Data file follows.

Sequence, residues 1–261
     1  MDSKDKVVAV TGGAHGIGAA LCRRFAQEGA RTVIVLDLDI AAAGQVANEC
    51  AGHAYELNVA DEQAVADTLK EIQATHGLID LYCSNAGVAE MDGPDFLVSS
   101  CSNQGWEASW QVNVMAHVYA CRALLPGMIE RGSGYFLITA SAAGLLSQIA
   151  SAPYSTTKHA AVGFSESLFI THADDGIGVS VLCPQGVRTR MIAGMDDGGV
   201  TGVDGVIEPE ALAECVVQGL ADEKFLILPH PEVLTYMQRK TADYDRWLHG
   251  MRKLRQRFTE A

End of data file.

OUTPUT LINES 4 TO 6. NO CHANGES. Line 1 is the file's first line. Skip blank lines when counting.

   101  CSNQGWEASW QVNVMAHVYA CRALLPGMIE RGSGYFLITA SAAGLLSQIA
   151  SAPYSTTKHA AVGFSESLFI THADDGIGVS VLCPQGVRTR MIAGMDDGGV
   201  TGVDGVIEPE ALAECVVQGL ADEKFLILPH PEVLTYMQRK TADYDRWLHG